During the implementation of the Patient Protection and Affordable Care Act, "federal and state policymakers should consider lessons learned about continuous coverage and affordable care. For example, cost sharing, especially for mental health and drug benefits, can create financial barriers that jeopardize the appropriate and efficient use of care," the authors write. "Policymakers might also consider ways to make it easier for populations enrolled in public programs and coverage through the exchanges, particularly populations with serious conditions or special needs, to maintain relationships with their primary care providers over time" (Bernstein, Chollet and Peterson, April 2010).
The Kaiser Family Foundation released two briefs "to help answer common questions" about provisions in the health law: "Questions About Health Insurance Exchanges examines the exchanges that will be set up in states to create a more organized and competitive market for health insurance by offering a choice of health plans, establishing common rules regarding the offering and pricing of insurance, and providing information to help consumers better understand the options available to them." The second brief, "Questions About Health Insurance Subsidies describes the subsidies available in the law, including premium subsidies that would be provided in the form of tax credits, as well as other subsidies that would lower cost sharing to eligible Americans. It explains the sliding scale of subsidies available to Americans in 2014 with annual incomes between 133 and 400 percent of the federal poverty level, and describes the cost-sharing assistance and the impact of the subsidies on reform's overall cost" (April 2010).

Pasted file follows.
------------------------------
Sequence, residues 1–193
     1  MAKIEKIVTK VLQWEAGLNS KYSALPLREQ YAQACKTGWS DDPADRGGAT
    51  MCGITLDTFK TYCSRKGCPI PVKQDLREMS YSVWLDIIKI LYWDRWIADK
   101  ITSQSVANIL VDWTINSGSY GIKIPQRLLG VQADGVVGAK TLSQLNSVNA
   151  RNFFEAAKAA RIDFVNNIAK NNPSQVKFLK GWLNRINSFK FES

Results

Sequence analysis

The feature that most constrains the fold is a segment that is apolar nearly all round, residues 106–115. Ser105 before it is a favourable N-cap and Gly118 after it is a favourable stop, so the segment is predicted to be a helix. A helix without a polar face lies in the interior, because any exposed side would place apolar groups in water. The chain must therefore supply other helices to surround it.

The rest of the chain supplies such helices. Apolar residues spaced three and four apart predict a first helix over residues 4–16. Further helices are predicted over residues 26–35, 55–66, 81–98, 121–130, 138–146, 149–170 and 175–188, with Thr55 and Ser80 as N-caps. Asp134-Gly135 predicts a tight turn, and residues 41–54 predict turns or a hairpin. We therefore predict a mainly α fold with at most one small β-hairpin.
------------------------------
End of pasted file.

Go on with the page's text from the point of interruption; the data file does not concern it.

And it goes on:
Centers for Disease Control and Prevention: Potentially Preventable Emergency Department Visits By Nursing Home Residents: United States, 2004 This report (.pdf) looks at emergency department (ED) visits among nursing home residents, including "potentially preventable" visits, as documented in the 2004 National Nursing Home Survey. "Eight percent of nursing home residents in 2004 had at least one ED visit in the past 90 days, representing 123,600 residents nationally. Among nursing home residents with an ED visit in the past 90 days, 40 percent had potentially preventable ED visits," the author writes and includes a breakdown of the common causes of preventable ED visits, noting injuries from falls accounted for over one-third of the potentially preventable ED visits (Caffrey, April 2010).
Centers for Disease Control and Prevention: Prevalence and Management of Pain, by Race and Dementia Among Nursing Home Residents: United States, 2004 - The key findings of this examination of nursing home data found that: "About one-quarter of all nursing home residents reported or showed signs of pain. Nonwhite residents and residents with dementia were less likely to report or show signs of pain compared with white residents and residents without dementia. ... Forty-four percent of nursing home residents with pain received neither standing orders for pain medication nor special services for pain management (i.e., appropriate pain management). Among residents with dementia and pain, nonwhite residents were more likely than white residents to lack appropriate pain management" (Sengupta, Bercovitz and Harris-Kojetin, March 2010).